After arriving an hour and a half early on my first day (nothing like being on time), I was given a tour of the building, introduced to a number people and shown the ropes. As an intern, I was given jobs such as mailing out post and fetching certain books from the stock rooms – which sounds thrilling but it contributes to your basic understanding of what goes on. I was also allocated research tasks such as looking at blogs from book reviews to beauty campaigns; this proved incredibly fascinating. However, the highlight has to be writing press releases for J. Smith by Fougasse, the life-size version of the one in Queen Mary’s Dolls’ House. It is an incredibly beautiful book and is due to be released at the beginning of May.

I also spent an afternoon in Foreign Rights which was overwhelming when I saw the numbers that they were dealing with! However, it was an extremely interesting experience. Those in Foreign Rights are able to attend the international book fairs such as Frankfurt and Bologna. There is so much still to learn about the UK market that getting my head around the foreign markets is quite a task!

Overall, it was a thoroughly good experience and I learnt a great deal. I owe a big thank you to Walker Books!

London Book Fair 2012: A Novel Experience!

Walking up to the entrance of the grand exhibition hall, I was filled with excitement and uncertainty as to what each day would bring! I flicked through the pages of the LBF directory: the vast number of companies was overwhelming.

As the morning of the first day began, the atmosphere was electric. The theme for LBF 2012 was China, and walking around it truly felt like that. Oriental symbols, pictures, fashion, people, food even! Heading towards the Author’s Lounge, as ‘Fast-Print Publishing Assistant’, I was ready to be of assistance.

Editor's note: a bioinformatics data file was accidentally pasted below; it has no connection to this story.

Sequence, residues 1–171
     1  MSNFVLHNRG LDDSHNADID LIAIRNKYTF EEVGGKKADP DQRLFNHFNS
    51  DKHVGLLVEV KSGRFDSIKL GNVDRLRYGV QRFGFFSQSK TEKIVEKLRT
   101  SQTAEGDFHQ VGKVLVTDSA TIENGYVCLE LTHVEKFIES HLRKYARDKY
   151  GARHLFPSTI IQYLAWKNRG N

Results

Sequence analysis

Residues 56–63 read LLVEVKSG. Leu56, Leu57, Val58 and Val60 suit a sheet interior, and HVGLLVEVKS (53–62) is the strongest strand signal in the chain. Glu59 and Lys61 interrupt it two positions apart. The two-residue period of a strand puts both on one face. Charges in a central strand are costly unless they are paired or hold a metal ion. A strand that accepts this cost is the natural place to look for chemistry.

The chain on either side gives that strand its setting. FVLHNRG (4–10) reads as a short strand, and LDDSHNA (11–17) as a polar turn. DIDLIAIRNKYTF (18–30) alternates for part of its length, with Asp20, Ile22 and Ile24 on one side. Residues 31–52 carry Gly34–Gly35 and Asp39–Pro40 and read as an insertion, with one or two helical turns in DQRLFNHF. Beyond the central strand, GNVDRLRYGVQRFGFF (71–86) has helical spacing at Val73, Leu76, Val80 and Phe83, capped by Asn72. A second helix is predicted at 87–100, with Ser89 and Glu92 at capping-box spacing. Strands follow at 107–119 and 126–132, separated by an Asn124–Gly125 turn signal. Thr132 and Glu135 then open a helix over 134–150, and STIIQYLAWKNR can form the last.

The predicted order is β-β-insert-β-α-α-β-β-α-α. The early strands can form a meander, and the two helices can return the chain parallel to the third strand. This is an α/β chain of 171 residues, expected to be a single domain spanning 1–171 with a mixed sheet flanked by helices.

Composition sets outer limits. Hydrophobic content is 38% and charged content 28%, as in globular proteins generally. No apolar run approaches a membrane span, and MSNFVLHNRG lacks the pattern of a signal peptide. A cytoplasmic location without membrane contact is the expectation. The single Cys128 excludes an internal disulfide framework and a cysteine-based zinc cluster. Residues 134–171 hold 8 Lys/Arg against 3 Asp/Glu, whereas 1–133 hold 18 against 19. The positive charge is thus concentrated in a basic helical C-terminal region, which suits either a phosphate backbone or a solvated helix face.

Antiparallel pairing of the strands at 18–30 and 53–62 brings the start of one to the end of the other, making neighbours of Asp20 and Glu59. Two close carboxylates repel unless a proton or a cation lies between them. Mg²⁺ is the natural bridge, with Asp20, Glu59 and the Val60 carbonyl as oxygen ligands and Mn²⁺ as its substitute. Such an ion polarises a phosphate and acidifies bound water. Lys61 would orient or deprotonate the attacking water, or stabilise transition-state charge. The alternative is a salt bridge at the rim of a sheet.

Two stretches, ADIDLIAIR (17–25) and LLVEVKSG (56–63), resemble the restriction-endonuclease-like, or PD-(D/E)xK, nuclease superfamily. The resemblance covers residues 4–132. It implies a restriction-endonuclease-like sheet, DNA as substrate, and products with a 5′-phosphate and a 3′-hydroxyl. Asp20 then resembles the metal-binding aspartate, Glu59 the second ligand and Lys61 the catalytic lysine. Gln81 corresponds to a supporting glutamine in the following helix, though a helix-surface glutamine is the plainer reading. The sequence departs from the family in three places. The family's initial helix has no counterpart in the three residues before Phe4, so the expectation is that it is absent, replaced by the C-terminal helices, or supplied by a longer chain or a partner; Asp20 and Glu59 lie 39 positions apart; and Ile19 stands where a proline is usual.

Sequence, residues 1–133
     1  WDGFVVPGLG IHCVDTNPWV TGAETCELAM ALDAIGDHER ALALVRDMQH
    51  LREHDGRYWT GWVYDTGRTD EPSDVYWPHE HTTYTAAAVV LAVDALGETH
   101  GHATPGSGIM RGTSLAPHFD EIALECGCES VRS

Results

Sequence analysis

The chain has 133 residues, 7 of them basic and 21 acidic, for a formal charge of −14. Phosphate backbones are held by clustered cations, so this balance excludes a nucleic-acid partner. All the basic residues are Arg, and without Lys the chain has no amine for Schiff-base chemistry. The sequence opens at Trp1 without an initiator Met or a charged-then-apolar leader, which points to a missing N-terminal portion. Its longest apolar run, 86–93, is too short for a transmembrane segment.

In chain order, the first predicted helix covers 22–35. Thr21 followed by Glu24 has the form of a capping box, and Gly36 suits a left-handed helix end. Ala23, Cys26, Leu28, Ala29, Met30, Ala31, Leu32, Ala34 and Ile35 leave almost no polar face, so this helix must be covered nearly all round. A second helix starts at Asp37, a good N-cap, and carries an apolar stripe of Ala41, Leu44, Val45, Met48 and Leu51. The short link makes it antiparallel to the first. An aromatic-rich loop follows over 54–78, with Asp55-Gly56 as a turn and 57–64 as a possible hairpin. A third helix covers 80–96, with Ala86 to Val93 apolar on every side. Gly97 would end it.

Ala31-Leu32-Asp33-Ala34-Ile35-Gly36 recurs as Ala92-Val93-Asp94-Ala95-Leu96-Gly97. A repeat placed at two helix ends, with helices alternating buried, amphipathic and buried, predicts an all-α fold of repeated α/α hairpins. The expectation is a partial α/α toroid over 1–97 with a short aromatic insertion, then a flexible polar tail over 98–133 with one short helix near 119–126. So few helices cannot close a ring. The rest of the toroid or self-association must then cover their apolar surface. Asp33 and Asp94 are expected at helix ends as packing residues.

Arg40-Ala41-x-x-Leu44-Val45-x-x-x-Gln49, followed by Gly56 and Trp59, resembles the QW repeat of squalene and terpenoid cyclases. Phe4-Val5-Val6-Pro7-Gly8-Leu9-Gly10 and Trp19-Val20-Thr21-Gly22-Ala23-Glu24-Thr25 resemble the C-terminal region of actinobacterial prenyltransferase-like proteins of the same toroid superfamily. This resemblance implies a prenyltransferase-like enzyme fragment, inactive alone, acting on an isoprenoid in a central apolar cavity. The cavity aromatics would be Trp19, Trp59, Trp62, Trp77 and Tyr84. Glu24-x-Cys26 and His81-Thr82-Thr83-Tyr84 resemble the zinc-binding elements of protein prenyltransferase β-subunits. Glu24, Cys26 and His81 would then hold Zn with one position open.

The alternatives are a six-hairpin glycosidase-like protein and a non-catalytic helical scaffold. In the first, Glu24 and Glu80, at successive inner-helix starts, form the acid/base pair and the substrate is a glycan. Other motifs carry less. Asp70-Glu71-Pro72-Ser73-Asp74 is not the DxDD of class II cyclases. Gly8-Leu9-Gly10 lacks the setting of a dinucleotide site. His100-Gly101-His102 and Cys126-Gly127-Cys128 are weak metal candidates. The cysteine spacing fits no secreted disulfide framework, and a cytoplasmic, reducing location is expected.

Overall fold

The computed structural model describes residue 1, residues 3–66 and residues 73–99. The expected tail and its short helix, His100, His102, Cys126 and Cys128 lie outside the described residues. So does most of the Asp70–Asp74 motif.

Throughout the day, Leah and I spoke to authors interested in self-publishing and listened to their unique stories. Each author shared an individual tale about the inception of an idea for a book that they had transcribed onto paper. Their passion for writing was admirable and their personal journeys spoke levels about their commitment to being published. Conversations never ran dry but were always exciting and totally unpredictable, and so each day I came home exhausted.

The second and third day brought further excitement, and we spent a little more time walking around the fair and understanding the different areas of publishing. It was interesting to see the different cultures of organisations as people conversed over coffee or discussed business contracts – diary in one hand, iPad in the other. We attended a seminar on ‘Careers in Publishing’ organised by the SYP, providing guidance on how to break into the industry. It was both insightful and entertaining; it gave me many useful tips for the future!